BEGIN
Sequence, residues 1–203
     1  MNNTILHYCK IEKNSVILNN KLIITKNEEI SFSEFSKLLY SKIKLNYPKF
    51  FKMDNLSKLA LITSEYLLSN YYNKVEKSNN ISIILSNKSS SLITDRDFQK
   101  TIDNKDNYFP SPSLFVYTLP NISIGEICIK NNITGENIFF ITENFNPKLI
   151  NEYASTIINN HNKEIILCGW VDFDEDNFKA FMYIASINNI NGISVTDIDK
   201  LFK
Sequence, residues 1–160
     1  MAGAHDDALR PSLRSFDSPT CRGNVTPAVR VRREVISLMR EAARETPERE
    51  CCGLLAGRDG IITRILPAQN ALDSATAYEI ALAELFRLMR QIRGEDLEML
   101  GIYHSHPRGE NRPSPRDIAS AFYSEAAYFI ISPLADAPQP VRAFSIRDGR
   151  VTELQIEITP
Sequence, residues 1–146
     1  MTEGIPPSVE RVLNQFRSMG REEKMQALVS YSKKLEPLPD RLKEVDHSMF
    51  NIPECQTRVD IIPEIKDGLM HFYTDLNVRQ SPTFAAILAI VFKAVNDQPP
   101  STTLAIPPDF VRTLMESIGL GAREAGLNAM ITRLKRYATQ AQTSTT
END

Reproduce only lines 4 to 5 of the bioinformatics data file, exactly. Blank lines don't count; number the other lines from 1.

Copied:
   101  TIDNKDNYFP SPSLFVYTLP NISIGEICIK NNITGENIFF ITENFNPKLI
   151  NEYASTIINN HNKEIILCGW VDFDEDNFKA FMYIASINNI NGISVTDIDK